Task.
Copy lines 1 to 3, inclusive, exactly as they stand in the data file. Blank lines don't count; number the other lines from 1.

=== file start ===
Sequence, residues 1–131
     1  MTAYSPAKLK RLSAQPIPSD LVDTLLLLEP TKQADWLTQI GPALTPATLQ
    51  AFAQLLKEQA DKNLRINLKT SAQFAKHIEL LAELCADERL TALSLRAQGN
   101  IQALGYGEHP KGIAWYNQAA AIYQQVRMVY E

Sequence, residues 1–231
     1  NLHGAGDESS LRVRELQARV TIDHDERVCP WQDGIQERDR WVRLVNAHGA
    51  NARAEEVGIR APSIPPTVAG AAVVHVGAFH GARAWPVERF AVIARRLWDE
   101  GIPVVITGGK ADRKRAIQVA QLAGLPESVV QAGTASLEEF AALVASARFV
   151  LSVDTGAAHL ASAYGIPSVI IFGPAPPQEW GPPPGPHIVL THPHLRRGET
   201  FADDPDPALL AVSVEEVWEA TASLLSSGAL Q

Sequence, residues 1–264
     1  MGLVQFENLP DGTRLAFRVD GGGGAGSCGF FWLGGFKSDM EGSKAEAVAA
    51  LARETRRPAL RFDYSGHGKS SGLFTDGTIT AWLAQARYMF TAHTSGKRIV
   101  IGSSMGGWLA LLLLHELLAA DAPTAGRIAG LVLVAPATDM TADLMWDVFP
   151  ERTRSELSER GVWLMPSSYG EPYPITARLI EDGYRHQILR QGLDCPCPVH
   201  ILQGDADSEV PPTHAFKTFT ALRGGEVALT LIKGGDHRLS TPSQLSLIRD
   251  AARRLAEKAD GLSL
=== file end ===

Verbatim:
Sequence, residues 1–131
     1  MTAYSPAKLK RLSAQPIPSD LVDTLLLLEP TKQADWLTQI GPALTPATLQ
    51  AFAQLLKEQA DKNLRINLKT SAQFAKHIEL LAELCADERL TALSLRAQGN